Anyway, after dinner I retire to my room (read: slink off so I don’t have to watch Susannah be cold for one minute longer). There’s nothing on TV, which is not surprising because I’m not allowed to have cable in my room. Dad thinks it will deaden my brain, which it probably will, but he manages to turn a blind eye to the cable hook-up in Holly’s bathroom, the main bedroom and the kitchen, all of which are, apparently, for her “work”. I flip open Sugar Kane, my trusted laptop. Then I spend some time texting Marc for a bit (What do you call a blond in a tree with a brief case? Answer: branch manager. What are the worst six years in a blond’s life? Answer: Third Grade) until he gets to be too much of a dumb blond joke pain, and then, for even more distraction, I try reading instead. But I can’t concentrate, my mind moving from one train of thought to another. I can’t stop thinking about a) the seven-month-itch thing, and b) the Toby thing.

  In the end, despite the presence of the finger-licker a couple of rooms over, it’s Toby I can’t stop thinking about. Toby and his text messages. And his calls. Alexa is right: if something feels wrong, I should just come right out and ask. I mean, what if it’s not even about me? What if something’s wrong with him at home? My dad likes to tell me almost on a daily basis that things aren’t always about me. What if, this time, they’re not? Maybe there’s something I could help him with. So, before I can talk myself out of it, I lunge for my phone and call him.

  “Hi, Nessa,” he answers right away. “Can you wait a second? I’m just seeing someone out the door.”

  “Sure,” I answer. I wait, hearing voices. A girl’s voice? Or maybe I’m imagining things. It seems to take forever for Toby to return.

  “Sorry about that,” he says.

  “That’s, um, okay,” I say slowly. Wrong thing to say, Nessa. Wrong thing to say. That would’ve been the perfect time to ask the question.

  “So what’s going on?” Toby fills the silence.

  I take a deep breath and fill him in. About Susannah. And the jacket. And the mole sauce.

  When I’m done (and this takes some time—I cut down on story embellishments for no man), I expect Toby to jump to Susannah’s defense, as I’m sure guys do for her all the time. Either that or I’m thinking he’ll tell me I’m over-dramatizing things, Alexa-style.

  But, surprisingly, Toby doesn’t do that at all.

  Instead, there is a long, long pause on the other end of the line.

  “Toby?” I say eventually. “Are you still there?”

  The silence continues for a while longer. “Yeah. Yeah, I’m here,” he says at last. “But I don’t think you’re going to like what I have to say.”

  On hearing this, the Mexican food in my stomach really starts shaking its maracas. This is it, my intestines tell me. He’s going to come clean about what’s going on. He’s going to tell me what all the calls and text messages have been about. He’s going . . .

  He’s going to break up with me.

  Or maybe not . . . Because when I tune back in, Toby isn’t talking about breaking up at all.

  “You saw it, right?”

  What? “Sorry, Toby? What did you just say?”

  “The film All About Eve. Remember it?”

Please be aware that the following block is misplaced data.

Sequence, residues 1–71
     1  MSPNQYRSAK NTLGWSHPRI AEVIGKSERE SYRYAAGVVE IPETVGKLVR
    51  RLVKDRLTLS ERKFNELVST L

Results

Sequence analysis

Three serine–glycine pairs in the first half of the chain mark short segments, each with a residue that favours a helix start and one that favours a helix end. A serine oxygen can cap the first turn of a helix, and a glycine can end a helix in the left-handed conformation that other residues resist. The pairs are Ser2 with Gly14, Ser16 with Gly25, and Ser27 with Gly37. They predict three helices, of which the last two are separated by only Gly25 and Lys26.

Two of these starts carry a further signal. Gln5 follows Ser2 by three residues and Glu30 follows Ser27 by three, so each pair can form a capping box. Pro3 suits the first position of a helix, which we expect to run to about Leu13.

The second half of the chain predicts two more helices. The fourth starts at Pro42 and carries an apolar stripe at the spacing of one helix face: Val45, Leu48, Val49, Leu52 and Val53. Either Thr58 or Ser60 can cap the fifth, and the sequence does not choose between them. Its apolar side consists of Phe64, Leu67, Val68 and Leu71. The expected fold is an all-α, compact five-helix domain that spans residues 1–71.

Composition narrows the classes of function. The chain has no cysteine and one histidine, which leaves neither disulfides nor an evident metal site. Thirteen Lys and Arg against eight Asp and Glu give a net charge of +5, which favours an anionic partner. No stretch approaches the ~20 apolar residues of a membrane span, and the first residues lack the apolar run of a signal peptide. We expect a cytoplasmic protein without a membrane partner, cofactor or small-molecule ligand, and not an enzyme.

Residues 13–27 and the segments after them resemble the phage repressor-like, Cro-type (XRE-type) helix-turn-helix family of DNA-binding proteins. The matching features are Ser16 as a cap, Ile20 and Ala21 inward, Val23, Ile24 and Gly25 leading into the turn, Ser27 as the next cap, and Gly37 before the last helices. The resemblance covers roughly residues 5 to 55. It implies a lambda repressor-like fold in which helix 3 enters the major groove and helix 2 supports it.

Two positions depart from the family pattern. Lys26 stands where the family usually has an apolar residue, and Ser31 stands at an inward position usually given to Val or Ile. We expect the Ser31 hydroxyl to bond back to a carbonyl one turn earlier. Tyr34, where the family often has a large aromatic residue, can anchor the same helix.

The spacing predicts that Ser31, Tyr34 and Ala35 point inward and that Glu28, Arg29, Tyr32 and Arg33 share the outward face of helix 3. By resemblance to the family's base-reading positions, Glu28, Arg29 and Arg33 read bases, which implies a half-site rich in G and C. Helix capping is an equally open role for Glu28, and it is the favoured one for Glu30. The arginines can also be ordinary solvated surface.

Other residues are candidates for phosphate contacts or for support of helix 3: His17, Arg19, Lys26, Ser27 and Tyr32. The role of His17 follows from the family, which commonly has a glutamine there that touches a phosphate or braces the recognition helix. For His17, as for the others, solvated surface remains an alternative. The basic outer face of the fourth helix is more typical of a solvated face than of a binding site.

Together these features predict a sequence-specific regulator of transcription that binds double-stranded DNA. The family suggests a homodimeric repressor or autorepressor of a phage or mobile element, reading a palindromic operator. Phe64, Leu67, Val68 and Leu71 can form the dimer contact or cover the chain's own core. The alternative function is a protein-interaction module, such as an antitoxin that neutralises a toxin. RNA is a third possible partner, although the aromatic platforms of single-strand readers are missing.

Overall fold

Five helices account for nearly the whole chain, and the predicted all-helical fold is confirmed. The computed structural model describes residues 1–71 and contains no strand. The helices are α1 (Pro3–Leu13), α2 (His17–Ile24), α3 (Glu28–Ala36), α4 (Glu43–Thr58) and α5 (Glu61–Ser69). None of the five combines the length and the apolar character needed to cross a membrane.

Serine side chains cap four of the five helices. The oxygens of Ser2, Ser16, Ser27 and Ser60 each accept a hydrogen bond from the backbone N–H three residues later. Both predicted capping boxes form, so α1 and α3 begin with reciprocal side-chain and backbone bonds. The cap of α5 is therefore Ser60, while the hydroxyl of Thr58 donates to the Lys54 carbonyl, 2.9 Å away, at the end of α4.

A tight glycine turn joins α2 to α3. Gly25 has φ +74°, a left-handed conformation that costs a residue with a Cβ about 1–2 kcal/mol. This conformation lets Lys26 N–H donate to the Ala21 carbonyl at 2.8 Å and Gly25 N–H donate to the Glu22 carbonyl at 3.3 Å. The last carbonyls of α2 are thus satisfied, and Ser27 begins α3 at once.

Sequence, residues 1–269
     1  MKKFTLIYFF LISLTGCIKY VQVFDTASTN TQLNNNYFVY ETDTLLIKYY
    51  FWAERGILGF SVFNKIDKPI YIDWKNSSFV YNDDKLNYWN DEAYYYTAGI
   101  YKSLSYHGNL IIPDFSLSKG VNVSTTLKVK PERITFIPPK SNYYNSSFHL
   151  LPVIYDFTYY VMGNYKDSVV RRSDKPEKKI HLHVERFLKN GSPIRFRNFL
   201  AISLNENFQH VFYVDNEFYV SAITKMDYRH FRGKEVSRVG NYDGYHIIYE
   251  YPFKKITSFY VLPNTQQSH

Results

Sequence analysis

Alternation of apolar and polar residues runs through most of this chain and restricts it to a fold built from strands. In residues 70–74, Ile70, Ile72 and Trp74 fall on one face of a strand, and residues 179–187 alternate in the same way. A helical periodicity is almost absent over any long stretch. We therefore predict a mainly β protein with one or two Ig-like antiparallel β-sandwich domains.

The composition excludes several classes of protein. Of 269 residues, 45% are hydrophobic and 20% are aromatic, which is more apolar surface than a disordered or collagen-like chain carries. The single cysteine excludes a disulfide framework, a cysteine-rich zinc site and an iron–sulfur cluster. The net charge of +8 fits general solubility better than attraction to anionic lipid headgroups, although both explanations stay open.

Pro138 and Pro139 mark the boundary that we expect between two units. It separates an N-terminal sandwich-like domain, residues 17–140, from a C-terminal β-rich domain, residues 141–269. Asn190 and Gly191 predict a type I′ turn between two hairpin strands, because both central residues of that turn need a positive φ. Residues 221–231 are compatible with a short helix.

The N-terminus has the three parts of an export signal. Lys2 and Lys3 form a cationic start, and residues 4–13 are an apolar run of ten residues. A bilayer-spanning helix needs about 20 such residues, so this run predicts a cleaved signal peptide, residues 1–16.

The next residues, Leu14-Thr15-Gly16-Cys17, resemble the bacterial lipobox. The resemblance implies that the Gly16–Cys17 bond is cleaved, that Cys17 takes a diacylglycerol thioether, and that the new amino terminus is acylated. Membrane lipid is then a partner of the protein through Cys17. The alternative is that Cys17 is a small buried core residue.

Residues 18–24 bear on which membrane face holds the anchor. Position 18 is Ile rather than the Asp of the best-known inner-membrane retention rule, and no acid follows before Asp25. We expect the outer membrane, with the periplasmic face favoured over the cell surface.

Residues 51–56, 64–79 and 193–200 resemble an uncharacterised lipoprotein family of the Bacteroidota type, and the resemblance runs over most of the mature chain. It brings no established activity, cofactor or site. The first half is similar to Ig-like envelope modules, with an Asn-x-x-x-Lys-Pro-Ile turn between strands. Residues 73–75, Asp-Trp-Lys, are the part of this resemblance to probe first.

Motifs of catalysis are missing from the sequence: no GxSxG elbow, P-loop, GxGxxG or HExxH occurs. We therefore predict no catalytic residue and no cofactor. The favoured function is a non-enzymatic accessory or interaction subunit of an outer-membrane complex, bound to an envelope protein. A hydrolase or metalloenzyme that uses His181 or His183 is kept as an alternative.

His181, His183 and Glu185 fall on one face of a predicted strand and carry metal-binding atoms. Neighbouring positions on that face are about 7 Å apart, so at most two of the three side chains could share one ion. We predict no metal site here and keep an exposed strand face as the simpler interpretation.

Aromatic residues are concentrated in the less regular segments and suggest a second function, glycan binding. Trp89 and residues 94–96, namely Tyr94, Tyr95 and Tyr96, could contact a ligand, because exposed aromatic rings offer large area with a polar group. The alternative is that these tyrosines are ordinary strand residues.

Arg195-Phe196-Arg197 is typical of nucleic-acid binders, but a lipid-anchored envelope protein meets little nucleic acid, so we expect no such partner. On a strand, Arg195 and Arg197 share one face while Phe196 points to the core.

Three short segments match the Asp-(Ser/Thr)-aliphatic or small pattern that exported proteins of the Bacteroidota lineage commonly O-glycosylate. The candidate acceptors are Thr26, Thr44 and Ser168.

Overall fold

Hang on. All About Eve—it rings a bell. It was one of the movies I watched with Toby, one of his Bette Davis ones. And it had been the very first film of his I’d watched because Marilyn Monroe had been in it.

  “Yes,” I tell him. “Why?”

  “You remember the plot?”

  I bite my lip and think back. Let’s see. It was all about . . . Oh.

  “Oh . . .” I breathe into the phone. I remember the plot now all right. A little too vividly for my liking, in fact. All About Eve had been about this really famous actor, Margo, who let this girl, Eve, a groupie of hers, into her life and took her under her wing as her unofficial secretary. Big mistake. Because what Margo soon found out was that Eve didn’t want to take dictation. She wanted to take over Margo’s life. Including her career, her friends and her partner. And I can’t remember the film perfectly, but there was plenty of backstage brouhaha, and I’m pretty sure one of the things Eve did was la-dee-da around, trying on Margo’s things. Just like Susannah’s been doing today.

  Gulp.

  “Maybe you don’t have a Seven Year Itch problem at all, Nessa,” Toby chuckles. “Maybe you have an All About Eve problem. Look, I’ve got to go. I’ll see you tomorrow, huh?”

  And, just like that, Toby is gone.

  Slowly, very slowly, I pull the phone away from my ear and stare at the wall. The wall that’s dividing me from my own evil Eve. As I stare, the breeze picks up outside, ruffling the curtains in my room and moving inside to cool me down. Even though I’m hot and sticky and tired, I hardly notice. Which is funny, because if it had been last week, I would have enjoyed that breeze. If it had been last week, I would’ve turned my face to it. Embraced it.

  But that was last week, when the two people sitting out there were my dad and his fiancée, sickeningly in love. Last week I had a boyfriend who didn’t practically hang up the phone on me. Last week I was having my PPP summer.

  Well, adieu to last week. Because now I’ve hit this week and all I’m starting to feel is SSS (sick, sick, sick). Something’s telling me that the lead-up to this wedding is not going to be smooth sailing.

  Double gulp.

  I guess, as Bette/Margo herself said in All About Eve, “Fasten your seatbelts, it’s going to be a bumpy night!”

  Buy The Seven Month Itch now!


  ***